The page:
The award for the world’s best job title goes to Scientist David Nutt, Head of the Centre for Psychedelic Research. In his Nudgestock discussion, that was unfortunately cut short due to connectivity issues (a sign of our times). He explains that when we drink alcohol it affects many parts of the brain, mostly negative effects from memory loss, cravings, violence etc with just two positive outcomes of alcohol, sociability and relaxation. (see image)

He explains if we can harness the chemical that elevates the green positive effects, rather than power up the red negative effects, we can create a substance that is less harmful. 

And brucie bonus, you can now get some low-alcohol botanical spirit developed by scientist:

You can get yours here 

David Nutt

Decarbonisation by Shahzeen Attari

Shahzeen Attari told us that the energy sector accounts for the highest amount of greenhouse gas emissions. Which begs the question “What’s the most effective way to conserve energy?”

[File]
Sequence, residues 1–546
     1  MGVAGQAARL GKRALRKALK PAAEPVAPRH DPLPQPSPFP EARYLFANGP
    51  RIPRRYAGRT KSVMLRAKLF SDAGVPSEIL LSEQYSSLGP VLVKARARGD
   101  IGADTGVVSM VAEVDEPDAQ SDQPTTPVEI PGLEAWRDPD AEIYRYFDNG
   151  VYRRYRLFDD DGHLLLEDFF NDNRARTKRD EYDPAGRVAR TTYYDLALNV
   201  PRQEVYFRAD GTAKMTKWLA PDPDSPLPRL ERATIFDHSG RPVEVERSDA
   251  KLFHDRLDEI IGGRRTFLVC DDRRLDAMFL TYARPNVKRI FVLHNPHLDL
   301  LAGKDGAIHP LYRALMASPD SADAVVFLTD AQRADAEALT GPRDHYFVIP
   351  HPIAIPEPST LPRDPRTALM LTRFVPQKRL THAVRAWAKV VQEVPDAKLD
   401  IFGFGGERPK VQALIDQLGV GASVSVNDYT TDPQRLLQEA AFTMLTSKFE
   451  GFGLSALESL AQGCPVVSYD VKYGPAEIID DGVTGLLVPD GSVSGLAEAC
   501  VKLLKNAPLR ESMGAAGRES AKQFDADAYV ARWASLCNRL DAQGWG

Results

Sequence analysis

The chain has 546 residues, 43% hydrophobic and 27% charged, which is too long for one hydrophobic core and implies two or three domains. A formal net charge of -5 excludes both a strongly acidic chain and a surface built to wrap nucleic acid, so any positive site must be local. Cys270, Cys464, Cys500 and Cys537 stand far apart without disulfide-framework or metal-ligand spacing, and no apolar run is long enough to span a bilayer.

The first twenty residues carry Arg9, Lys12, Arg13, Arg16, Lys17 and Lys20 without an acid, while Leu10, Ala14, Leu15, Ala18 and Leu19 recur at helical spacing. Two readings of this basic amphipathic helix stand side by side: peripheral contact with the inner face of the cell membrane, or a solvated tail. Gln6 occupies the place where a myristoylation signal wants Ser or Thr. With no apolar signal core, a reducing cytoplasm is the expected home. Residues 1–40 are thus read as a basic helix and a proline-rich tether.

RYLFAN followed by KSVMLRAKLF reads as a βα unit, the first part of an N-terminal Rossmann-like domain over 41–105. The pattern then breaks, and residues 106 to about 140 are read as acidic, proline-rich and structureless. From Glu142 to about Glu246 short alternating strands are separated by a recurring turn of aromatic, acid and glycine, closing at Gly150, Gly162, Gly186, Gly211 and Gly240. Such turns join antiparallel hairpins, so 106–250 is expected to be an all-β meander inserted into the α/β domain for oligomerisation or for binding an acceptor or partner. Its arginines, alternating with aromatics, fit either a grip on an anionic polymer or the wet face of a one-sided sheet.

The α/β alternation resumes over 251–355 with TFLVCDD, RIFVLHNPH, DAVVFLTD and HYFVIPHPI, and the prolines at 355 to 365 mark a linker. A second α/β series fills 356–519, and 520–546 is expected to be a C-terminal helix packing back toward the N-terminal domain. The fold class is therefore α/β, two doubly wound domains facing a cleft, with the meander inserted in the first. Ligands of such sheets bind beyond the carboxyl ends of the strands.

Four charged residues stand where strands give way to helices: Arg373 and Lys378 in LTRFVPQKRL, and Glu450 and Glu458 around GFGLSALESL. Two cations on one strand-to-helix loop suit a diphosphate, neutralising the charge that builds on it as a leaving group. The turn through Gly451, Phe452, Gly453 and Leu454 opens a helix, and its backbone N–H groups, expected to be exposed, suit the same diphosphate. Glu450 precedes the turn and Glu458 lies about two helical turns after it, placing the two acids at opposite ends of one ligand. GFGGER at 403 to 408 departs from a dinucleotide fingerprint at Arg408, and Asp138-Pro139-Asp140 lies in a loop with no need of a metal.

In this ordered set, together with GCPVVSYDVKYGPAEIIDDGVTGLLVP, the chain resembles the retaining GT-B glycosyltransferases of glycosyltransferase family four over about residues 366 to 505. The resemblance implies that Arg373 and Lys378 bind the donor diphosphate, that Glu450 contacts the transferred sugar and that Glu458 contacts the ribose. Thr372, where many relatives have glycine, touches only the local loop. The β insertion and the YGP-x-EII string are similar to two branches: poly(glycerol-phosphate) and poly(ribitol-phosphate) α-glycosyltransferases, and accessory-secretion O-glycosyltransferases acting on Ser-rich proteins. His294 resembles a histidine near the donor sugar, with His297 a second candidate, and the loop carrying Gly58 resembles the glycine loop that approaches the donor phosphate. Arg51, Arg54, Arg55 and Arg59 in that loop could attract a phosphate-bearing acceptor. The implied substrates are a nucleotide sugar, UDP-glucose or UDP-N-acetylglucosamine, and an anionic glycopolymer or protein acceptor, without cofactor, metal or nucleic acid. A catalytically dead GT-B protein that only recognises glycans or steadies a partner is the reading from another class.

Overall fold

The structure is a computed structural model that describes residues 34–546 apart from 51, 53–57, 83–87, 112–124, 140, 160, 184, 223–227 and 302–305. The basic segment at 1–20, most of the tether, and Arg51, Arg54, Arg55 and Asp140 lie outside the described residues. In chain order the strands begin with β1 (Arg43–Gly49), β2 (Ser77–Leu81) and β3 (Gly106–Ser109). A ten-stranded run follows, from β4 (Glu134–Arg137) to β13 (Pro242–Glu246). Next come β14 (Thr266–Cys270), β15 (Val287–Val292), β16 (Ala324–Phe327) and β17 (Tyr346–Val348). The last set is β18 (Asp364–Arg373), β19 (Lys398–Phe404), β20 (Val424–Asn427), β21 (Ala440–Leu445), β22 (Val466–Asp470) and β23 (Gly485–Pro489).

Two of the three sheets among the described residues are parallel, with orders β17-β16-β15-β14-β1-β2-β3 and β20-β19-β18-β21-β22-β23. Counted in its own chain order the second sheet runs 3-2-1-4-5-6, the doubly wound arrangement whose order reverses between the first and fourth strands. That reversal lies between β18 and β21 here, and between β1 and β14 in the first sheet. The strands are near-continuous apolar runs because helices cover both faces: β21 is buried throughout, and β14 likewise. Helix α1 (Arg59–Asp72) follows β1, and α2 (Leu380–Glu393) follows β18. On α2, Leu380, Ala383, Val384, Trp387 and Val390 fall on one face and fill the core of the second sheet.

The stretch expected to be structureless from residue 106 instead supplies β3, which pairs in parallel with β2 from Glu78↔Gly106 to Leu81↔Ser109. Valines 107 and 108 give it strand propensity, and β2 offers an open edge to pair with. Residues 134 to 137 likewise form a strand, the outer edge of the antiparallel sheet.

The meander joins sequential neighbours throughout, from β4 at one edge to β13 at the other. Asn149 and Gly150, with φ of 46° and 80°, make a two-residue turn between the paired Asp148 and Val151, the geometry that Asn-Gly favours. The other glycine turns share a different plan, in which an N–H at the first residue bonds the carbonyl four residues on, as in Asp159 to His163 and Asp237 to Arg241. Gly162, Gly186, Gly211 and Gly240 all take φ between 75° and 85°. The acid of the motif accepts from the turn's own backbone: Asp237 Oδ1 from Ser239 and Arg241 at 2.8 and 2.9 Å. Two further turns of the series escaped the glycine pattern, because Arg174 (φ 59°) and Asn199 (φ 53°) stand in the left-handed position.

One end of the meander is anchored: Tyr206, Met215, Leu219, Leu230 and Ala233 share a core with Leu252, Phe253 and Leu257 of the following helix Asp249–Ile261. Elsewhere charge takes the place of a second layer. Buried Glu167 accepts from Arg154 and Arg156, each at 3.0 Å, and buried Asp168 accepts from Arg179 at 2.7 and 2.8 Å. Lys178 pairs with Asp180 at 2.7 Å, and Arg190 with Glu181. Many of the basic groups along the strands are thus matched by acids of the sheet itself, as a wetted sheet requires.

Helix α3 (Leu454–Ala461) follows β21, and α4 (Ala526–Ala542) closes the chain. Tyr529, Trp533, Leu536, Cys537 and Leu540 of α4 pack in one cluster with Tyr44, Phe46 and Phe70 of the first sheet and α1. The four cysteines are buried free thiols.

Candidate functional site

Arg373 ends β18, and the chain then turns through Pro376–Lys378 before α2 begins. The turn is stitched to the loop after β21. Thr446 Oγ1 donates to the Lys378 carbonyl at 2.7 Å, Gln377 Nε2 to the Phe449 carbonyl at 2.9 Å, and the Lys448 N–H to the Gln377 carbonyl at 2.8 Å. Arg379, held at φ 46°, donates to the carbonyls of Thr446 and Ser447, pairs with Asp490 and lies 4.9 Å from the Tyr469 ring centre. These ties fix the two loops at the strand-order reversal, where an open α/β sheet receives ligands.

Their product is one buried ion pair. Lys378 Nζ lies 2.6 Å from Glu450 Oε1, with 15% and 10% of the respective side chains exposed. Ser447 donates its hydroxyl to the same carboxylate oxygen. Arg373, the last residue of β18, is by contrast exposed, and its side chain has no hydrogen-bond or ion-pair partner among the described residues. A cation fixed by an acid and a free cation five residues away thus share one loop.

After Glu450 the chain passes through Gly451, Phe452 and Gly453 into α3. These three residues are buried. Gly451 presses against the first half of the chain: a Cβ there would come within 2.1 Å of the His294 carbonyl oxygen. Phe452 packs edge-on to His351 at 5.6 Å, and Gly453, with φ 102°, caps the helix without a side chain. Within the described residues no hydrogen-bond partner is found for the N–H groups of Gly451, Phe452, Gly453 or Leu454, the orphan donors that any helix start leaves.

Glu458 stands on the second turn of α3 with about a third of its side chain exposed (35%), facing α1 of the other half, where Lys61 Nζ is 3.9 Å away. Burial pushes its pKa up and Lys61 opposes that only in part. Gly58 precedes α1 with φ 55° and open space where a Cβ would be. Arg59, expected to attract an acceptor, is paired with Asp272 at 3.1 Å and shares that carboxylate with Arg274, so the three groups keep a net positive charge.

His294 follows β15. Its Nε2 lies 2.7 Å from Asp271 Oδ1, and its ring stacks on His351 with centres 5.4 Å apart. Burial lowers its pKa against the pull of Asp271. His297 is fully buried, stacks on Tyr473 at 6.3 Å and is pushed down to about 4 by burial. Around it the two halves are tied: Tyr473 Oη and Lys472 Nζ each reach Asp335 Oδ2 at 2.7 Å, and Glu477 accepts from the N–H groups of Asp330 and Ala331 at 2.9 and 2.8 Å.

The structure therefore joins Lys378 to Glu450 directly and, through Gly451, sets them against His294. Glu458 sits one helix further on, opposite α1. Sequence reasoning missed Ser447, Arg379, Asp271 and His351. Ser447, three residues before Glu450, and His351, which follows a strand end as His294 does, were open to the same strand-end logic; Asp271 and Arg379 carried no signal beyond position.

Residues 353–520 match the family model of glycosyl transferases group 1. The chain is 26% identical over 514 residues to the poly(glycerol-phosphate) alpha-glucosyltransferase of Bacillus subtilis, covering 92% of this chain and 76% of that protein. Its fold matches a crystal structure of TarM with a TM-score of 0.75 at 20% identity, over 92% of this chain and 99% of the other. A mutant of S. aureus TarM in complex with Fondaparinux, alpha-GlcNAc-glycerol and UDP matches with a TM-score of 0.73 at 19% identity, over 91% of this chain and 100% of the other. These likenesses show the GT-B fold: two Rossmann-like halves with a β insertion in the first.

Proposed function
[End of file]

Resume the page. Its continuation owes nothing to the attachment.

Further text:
You might think of turning off the lights. Think again. While flicking the lights off is a good start, it doesn’t have a great enough impact. In fact, it has very little impact in the grand scheme of things compared with living a vegan lifestyle or driving electric cars.

While our behaviour as individuals is helpful, it isn’t enough to address the problem. We must now group together to accelerate system-wide decarbonisation strategies.

Moreover, we don’t have a true grasp on conserving energy, as real energy consumption isn’t widely understood.

It’s clear that heuristics encourage us to do what is easiest for us, and these thinking patterns must be replaced by something more effective. For example, powerful narratives that draw on feelings and facts paint a clear picture of the problem can initiate behaviour change and help to solve climate issues.

Humanomics: A new and old way of looking at the economy by Deidre McCloskey


Economic historian Deidre McCloskey reinforced the importance of feelings, ideas (and how we talk about them), and innovation in building economies as opposed to more quantifiable measures.